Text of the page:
“Having loved his own who were in the world, he loved them to the end.” “He loved them to the end”: What does that mean? There are a couple possible ways to understand this. One is that “to the end” means “to the end of his time with them.” Jesus loved his disciples all the way up to the end of his time with them. Another way to understand “to the end” would be that Jesus loved his disciples “to the uttermost, to the nth degree, to the fullest possible extent.” And either reading makes sense. Both are true. Jesus loved his disciples to the end of his time with them, and he loved them to the uttermost extent.

But I think we can even say more. The phrase translated here, “to the end,” is, in the Greek, “eis telos.” “Eis telos,” literally, “unto the goal,” that is, “until the goal is reached.” “Telos” is the Greek word for “goal,” the end or destination you’re reaching for. And a form of this same word “telos” comes up again on the next day, Good Friday, when Jesus is hanging on the cross. As Jesus is dying there, knowing that he has accomplished everything necessary for our salvation, he cries out with a loud voice, “Tetelestai!” “It is finished!” “Tetelestai!” The goal, the “telos,” has been reached! What Jesus, the Son of God, came to do was to serve humanity by dying for the sins of the world, and now the goal has been reached.

And so I think this informs this phrase in John 13, “he loved them to the end.” Christ’s love would not stop until he had accomplished everything he set out to do. The humble serving that Christ demonstrates in washing the disciples’ feet is of a piece with his mighty, self-sacrificing love which will reach its goal on the cross on the following day.

Love is the fulfilling of the law, and Jesus takes love to a new level. That is what is new, then, about the new commandment that Jesus gives his disciples, when he says: “A new commandment I give to you, that you love one another: just as I have loved you, you also are to love one another.”

It’s the “just as I have loved you”–that’s what’s new in this new commandment. Certainly, God’s people had been told from of old to love their neighbor, to love one another. But what is new is that now we know and we receive the greatest love there is, namely, the love of Christ our Lord. “Greater love hath no man than this, that a man lay down his life for his friends.” And that is what Christ is doing here in his Passion. And we have this love, we have received it from him, we have experienced it for ourselves. And so now we have a new source with which to love others. We have Christ’s love, more than just an example–it is that, but it is more than that–it is our source, our wellspring, for loving others.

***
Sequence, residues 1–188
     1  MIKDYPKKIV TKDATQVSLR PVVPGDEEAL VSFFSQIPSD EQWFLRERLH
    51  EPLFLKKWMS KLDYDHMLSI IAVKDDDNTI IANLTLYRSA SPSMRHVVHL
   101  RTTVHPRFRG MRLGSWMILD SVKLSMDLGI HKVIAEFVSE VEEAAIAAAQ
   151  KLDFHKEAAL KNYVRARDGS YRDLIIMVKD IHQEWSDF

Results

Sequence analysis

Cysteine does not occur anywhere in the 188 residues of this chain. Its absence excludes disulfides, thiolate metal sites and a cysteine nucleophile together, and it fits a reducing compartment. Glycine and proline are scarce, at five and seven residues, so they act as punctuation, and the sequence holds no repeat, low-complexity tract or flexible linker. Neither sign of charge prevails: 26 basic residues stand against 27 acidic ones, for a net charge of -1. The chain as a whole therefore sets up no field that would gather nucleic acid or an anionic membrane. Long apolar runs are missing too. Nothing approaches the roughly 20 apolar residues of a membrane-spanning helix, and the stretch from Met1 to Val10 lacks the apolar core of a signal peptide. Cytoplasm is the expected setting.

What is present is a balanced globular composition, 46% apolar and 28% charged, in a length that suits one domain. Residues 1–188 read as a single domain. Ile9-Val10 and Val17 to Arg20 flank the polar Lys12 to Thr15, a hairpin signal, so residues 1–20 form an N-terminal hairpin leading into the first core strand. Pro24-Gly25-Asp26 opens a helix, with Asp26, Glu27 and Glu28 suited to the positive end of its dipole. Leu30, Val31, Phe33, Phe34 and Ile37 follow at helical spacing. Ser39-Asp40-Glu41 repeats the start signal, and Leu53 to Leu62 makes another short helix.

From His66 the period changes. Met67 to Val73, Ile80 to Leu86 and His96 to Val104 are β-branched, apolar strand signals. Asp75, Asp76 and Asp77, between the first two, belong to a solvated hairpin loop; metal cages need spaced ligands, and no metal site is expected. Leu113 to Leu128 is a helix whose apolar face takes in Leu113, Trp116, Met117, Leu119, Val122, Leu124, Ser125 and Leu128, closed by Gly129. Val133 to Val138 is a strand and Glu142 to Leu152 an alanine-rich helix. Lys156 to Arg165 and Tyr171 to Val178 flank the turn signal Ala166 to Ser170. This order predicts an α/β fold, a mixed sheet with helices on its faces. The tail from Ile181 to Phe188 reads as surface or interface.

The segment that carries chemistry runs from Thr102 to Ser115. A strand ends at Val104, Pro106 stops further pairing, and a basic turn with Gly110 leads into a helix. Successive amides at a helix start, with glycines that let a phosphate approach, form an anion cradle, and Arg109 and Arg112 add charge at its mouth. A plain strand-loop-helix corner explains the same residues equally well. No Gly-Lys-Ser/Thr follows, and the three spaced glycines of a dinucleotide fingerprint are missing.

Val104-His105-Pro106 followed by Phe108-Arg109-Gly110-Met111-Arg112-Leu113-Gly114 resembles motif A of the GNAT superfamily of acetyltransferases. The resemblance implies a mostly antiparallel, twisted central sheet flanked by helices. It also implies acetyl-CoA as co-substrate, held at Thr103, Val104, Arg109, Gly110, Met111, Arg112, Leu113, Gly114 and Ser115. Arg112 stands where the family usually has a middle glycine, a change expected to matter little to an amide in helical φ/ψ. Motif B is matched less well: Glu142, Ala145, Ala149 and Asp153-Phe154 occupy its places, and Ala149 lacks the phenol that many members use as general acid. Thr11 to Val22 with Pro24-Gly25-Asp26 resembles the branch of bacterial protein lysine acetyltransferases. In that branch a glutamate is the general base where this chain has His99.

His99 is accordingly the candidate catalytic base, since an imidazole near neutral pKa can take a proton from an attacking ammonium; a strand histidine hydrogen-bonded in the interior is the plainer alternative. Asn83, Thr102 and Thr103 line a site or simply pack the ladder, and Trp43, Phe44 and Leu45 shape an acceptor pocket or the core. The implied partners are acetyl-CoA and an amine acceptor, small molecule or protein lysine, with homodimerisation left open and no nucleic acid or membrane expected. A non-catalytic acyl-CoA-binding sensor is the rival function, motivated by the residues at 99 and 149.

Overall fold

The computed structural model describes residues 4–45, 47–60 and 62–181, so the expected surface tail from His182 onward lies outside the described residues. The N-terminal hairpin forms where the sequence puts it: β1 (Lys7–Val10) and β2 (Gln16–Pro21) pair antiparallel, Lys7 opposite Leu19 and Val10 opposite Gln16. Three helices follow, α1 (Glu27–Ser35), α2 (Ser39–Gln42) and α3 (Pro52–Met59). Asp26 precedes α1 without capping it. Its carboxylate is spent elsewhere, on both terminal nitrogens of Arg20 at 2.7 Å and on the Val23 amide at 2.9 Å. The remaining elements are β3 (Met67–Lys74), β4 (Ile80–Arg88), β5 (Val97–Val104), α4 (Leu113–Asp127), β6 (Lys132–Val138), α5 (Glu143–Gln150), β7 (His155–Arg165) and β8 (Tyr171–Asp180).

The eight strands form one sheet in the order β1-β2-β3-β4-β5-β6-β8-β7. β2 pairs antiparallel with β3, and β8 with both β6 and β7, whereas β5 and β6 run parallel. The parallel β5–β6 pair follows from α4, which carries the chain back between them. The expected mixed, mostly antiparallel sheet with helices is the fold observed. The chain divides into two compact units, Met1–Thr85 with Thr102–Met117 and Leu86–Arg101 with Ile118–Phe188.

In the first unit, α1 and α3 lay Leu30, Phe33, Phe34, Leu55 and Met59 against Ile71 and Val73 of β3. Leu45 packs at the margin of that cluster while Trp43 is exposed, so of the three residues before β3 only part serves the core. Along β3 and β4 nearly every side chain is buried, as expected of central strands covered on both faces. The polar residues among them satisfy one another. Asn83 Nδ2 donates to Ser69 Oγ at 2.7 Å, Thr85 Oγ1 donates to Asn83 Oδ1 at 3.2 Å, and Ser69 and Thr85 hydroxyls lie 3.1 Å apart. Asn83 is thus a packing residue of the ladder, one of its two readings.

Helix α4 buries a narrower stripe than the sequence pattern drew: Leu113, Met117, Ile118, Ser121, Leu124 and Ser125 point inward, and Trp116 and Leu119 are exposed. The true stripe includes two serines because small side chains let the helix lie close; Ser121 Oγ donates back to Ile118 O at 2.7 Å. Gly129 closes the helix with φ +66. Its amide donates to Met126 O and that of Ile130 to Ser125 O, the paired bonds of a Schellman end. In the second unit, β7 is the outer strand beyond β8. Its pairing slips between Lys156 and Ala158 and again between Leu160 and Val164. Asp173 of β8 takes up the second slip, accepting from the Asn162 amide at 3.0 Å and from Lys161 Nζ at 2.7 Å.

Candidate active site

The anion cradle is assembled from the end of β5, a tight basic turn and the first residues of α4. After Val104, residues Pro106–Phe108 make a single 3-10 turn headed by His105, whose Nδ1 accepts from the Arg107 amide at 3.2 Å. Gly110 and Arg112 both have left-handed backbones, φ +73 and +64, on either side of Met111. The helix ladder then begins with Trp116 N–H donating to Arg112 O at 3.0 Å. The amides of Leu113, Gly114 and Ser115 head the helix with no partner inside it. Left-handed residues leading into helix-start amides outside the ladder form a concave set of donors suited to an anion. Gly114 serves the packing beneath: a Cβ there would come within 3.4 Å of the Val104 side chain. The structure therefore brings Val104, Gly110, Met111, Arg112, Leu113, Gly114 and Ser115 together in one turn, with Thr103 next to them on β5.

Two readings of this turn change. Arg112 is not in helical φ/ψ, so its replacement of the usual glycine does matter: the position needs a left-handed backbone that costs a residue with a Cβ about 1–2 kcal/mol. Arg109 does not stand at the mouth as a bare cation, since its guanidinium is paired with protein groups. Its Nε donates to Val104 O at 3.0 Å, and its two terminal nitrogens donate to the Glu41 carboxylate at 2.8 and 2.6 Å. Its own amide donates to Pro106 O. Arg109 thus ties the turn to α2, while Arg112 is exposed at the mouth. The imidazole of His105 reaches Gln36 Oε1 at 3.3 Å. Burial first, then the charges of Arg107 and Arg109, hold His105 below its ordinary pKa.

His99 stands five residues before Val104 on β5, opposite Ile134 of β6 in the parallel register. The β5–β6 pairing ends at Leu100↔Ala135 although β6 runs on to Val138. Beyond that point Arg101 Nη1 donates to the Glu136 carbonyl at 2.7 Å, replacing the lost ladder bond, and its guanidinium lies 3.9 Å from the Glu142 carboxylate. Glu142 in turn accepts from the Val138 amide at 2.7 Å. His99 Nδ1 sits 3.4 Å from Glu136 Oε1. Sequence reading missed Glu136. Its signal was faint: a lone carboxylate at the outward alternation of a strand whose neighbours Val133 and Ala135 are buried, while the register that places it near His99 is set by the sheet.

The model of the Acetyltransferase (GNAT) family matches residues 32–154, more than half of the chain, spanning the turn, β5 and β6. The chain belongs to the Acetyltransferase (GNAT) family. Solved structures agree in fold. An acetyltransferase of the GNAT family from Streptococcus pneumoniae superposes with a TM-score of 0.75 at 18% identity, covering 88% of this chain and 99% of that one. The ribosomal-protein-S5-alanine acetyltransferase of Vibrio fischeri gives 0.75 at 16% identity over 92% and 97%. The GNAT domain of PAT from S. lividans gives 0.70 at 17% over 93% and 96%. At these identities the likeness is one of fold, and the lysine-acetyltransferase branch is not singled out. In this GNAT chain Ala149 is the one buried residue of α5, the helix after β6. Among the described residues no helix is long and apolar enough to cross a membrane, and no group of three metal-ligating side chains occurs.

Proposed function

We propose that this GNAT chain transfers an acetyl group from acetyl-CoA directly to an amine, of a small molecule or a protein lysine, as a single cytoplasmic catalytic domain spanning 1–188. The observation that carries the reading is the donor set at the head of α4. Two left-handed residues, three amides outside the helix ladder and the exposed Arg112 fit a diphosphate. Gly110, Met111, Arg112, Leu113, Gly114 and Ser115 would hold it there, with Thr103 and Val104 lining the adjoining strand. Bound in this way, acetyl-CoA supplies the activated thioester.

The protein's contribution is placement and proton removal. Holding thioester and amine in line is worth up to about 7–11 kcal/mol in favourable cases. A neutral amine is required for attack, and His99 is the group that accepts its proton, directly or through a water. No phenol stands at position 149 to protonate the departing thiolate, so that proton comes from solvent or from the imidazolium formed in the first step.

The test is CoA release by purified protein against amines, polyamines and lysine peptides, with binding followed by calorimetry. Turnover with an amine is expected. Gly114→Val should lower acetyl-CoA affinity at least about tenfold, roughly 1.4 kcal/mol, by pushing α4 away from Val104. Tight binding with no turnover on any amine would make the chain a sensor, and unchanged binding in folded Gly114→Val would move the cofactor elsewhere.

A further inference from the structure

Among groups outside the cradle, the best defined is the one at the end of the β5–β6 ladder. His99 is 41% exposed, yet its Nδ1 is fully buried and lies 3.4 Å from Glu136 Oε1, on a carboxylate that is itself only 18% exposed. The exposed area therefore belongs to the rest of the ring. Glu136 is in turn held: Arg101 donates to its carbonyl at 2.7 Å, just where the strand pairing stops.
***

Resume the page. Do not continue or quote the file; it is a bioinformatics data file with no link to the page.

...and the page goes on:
Love is the fulfilling of the law, and Jesus takes love to a new level: the level of a lowly servant who lays down his life for you and me. This is what love is, Christ’s self-sacrificing servanthood. Love so amazing, so divine!

Christ seals his covenant of love with us here in this meal that he institutes this night. In the Lord’s Supper, the Sacrament of the Altar, our Lord gives us his body and blood, the body he gave and the blood he shed on the cross for us, for the forgiveness of our sins. In this feast of love, Christ blesses us now. And through the same, you and I are strengthened in fervent love toward one another. Christ’s commandment is that we love one another as he has loved us. Christ’s Communion will strengthen us to do that very thing. Come and receive.

Published in: on April 21, 2011 at 1:08 pm  Leave a Comment